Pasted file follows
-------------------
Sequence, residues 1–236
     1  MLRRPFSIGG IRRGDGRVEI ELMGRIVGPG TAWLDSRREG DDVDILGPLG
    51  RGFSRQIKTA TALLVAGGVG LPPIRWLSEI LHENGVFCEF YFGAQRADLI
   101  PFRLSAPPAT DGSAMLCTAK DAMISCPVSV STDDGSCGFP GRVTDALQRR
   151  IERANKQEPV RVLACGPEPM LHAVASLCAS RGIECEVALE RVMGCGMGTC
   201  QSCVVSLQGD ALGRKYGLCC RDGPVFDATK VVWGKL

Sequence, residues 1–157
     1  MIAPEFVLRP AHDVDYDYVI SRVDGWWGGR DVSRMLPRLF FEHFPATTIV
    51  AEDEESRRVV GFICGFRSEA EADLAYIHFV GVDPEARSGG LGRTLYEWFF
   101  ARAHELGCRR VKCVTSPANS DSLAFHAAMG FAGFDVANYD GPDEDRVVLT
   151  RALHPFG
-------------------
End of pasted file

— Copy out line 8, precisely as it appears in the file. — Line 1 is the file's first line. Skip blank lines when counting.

     1  MIAPEFVLRP AHDVDYDYVI SRVDGWWGGR DVSRMLPRLF FEHFPATTIV